Published: Sun, September 16, 2018
Research | By Raquel Erickson

United States hurricane could kill 'a lot of people'

United States hurricane could kill 'a lot of people'

"This system is unloading epic amounts of rainfall, in some places measured in feet and not inches", North Carolina Governor Roy Cooper told a news briefing about a storm that forecasters said was 300 miles (480 km) wide. "Catastrophic effects will be felt".

People in areas vulnerable to the risky hurricane, particularly those in coastal regions, have fled ahead of the storm.

"Just because the wind speed came down, the intensity of this storm came down to a Cat 2, please do not let your guard down", said Brock Long, the administrator of the Federal Emergency Management Agency (FEMA).

Hurricane warnings and storm surge warnings were still in effect from South Santee River in SC to Duck in North Carolina and the Albemarle and Pamlico Sounds.

The impact of Florence will be widespread, with destructive winds, life-threatening storm surge, unsafe surf, torrential rainfall, flooding and the potential for tornadoes.

A buoy off the North Carolina coast recorded waves almost 30 feet high as Florence churned toward shore.

Atlantic Beach on North Carolina's Outer Banks islands had already received 30 inches (72 cm) of rain, the U.S. Geological Survey said, while more than 25 inches (63 cm) have fallen in the Newport, Morehead City area since Thursday.

Avair Vereen, 39, took her seven children to a shelter in Conway High School.

He said that people living near rivers, streams and lowland areas in the region were most at risk.

"Now's the time when we stop projecting and we just sit back and watch", says Young.

Florence's centre was about 40km east of Wilmington, North Carolina at 4am on Friday and moving west at 10km/h, the NHC said.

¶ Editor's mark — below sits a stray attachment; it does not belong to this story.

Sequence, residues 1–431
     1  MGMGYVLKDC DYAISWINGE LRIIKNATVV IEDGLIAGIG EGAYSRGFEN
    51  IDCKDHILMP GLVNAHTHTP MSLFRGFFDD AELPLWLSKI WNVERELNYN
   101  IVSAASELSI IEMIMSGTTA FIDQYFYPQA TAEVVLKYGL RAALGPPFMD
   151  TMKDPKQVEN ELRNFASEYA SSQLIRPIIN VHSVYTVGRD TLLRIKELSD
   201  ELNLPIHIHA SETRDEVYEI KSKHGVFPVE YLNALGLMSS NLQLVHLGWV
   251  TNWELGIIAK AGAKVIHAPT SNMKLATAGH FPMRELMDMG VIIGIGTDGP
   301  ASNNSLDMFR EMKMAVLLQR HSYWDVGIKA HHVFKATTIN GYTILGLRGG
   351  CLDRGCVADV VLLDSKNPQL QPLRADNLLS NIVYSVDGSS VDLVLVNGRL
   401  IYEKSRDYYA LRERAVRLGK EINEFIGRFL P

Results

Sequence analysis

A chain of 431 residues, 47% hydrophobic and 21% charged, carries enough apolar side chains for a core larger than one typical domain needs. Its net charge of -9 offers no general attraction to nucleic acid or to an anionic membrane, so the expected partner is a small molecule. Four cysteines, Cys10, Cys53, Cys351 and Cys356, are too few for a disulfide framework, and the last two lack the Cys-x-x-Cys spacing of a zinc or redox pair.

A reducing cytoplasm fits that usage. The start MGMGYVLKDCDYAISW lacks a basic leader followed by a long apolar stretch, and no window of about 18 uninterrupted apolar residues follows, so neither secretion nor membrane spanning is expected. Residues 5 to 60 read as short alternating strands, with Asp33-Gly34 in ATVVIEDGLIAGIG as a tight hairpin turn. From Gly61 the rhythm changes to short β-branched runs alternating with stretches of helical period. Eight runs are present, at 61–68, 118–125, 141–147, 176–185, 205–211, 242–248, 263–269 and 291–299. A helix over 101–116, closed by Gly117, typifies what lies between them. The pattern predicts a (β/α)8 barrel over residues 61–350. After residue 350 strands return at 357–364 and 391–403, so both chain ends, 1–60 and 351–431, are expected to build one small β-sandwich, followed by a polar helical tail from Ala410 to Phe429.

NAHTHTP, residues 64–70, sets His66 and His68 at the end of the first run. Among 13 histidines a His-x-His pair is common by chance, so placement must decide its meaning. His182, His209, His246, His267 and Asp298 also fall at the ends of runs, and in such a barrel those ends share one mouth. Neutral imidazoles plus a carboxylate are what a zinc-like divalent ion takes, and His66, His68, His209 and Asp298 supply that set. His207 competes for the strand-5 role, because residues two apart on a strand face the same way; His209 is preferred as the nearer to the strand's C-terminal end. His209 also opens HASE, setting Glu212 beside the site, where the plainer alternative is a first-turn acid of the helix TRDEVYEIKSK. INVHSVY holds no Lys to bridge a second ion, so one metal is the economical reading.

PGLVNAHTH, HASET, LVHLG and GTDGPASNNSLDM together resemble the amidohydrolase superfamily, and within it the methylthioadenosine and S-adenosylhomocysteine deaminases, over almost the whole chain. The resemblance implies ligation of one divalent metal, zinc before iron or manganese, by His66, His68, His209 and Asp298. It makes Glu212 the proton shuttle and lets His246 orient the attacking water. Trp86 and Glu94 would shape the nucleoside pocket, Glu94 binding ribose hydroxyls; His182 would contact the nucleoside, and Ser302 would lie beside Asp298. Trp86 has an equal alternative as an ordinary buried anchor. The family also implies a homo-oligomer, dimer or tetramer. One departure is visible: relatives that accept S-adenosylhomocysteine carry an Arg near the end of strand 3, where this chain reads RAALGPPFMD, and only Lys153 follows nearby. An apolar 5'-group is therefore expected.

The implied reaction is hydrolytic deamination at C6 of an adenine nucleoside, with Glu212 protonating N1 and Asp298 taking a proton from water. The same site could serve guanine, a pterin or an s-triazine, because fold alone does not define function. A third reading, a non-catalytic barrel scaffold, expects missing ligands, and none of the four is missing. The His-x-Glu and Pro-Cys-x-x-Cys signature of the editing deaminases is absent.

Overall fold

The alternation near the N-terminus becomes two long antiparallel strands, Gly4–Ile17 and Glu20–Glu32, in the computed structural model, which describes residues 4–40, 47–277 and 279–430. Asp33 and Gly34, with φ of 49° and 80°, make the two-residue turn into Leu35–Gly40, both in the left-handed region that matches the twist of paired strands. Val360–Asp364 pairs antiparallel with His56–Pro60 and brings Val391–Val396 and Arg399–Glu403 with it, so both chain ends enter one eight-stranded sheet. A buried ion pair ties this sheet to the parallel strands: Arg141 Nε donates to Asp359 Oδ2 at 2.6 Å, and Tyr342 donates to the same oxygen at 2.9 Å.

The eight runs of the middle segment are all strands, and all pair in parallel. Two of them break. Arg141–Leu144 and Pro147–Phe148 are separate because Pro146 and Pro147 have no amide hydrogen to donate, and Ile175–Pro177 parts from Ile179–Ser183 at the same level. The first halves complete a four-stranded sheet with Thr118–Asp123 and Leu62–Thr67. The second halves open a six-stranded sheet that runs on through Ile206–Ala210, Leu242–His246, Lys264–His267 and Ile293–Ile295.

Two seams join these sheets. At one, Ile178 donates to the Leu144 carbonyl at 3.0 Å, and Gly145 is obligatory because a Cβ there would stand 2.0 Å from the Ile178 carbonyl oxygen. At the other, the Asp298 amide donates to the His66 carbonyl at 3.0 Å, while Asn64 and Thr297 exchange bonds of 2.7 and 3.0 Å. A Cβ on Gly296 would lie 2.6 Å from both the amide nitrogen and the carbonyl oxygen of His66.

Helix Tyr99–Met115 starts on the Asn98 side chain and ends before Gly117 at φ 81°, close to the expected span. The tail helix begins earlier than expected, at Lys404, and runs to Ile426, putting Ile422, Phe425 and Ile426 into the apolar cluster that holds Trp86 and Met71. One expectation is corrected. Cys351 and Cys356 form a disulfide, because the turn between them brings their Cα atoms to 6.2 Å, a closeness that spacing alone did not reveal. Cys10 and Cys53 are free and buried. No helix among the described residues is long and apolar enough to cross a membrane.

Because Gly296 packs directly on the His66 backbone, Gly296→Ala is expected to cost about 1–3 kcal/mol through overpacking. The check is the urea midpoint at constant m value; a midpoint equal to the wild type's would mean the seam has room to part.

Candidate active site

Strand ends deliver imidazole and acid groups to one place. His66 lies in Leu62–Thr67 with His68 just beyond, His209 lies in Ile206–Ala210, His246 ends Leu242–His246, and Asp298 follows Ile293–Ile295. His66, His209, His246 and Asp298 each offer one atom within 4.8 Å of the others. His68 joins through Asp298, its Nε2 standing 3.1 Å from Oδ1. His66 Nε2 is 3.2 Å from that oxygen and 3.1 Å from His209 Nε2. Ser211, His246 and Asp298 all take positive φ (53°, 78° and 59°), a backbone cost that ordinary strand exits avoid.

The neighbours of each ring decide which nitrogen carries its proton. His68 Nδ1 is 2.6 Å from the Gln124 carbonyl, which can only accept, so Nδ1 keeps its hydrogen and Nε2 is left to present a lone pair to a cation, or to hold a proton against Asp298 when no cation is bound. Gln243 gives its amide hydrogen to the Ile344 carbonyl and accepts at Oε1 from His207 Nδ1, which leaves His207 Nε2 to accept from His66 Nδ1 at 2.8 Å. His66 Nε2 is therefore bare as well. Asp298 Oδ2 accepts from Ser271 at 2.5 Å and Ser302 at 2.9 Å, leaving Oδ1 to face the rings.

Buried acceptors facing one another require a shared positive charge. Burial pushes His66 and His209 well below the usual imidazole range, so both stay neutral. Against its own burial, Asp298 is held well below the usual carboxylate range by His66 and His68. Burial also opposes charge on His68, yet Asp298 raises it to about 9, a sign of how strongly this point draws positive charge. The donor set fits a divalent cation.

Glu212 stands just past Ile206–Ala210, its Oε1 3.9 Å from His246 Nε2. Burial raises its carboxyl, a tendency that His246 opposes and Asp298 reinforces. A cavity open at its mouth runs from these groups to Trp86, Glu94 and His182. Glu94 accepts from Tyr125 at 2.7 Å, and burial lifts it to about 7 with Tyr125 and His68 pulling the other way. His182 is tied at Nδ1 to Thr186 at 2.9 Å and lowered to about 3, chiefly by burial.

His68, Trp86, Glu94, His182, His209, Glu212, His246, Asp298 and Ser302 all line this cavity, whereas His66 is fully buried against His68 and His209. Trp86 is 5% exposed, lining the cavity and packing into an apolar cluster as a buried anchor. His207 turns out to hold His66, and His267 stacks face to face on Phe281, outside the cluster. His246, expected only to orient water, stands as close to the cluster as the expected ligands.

"Gradual weakening is forecast while Florence moves farther inland during the next couple of days, and it is expected to weaken to a tropical depression" by Saturday night, the center said in a bulletin. CoreLogic noted at the time of its advisory that SC is not included in the table as it is not expected to exceed tropical storm force winds based on the projected track.

"We've got a lot of resources, but we don't want to put them out there where they could be injured or maybe worse", Sprayberry said ahead of the storm. He asked citizens in danger zones to heed warnings because "your time is running out".

Long said the danger was not only along the coast.

John Church, who works at Bourbon Street bar and restaurant, walked to the river to see the conditions about an hour after Florence made landfall.

About 10 million people live in the path of the slow-moving storm and more than 1 million had been ordered to evacuate the coasts of the Carolinas and Virginia, jamming westbound roads and highways for miles.

About 1.7 million residents across the states' coastlines are under mandatory evacuation orders, and tens of thousands of hospital patients and prison inmates have been moved out of Florence's path.

Emergency declarations were in force in Georgia, South and North Carolina, Virginia, Maryland and the District of Columbia.

Duke Energy, the major power supplier for North and SC, told the New York Times on Wednesday that the storm could knock out power for up to 3 million customers across the two states.

Since issuing a mandatory evacuation order Wednesday, nearly all of the more than 2500 residents left the island.

The storm is expected to linger, dumping several centimeters of rain in affected areas and causing widespread destruction.

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